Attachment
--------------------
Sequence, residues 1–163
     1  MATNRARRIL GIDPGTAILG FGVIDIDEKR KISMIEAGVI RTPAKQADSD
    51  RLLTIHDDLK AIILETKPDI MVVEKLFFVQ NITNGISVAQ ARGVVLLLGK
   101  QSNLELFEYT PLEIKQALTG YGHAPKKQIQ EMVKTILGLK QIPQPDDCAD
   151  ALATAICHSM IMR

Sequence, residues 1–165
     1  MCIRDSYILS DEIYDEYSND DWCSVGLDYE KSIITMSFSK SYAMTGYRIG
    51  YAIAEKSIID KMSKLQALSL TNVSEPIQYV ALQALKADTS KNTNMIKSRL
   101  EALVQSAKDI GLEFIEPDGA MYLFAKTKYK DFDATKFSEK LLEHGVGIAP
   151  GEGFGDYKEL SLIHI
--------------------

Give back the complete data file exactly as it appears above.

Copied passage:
Sequence, residues 1–163
     1  MATNRARRIL GIDPGTAILG FGVIDIDEKR KISMIEAGVI RTPAKQADSD
    51  RLLTIHDDLK AIILETKPDI MVVEKLFFVQ NITNGISVAQ ARGVVLLLGK
   101  QSNLELFEYT PLEIKQALTG YGHAPKKQIQ EMVKTILGLK QIPQPDDCAD
   151  ALATAICHSM IMR

Sequence, residues 1–165
     1  MCIRDSYILS DEIYDEYSND DWCSVGLDYE KSIITMSFSK SYAMTGYRIG
    51  YAIAEKSIID KMSKLQALSL TNVSEPIQYV ALQALKADTS KNTNMIKSRL
   101  EALVQSAKDI GLEFIEPDGA MYLFAKTKYK DFDATKFSEK LLEHGVGIAP
   151  GEGFGDYKEL SLIHI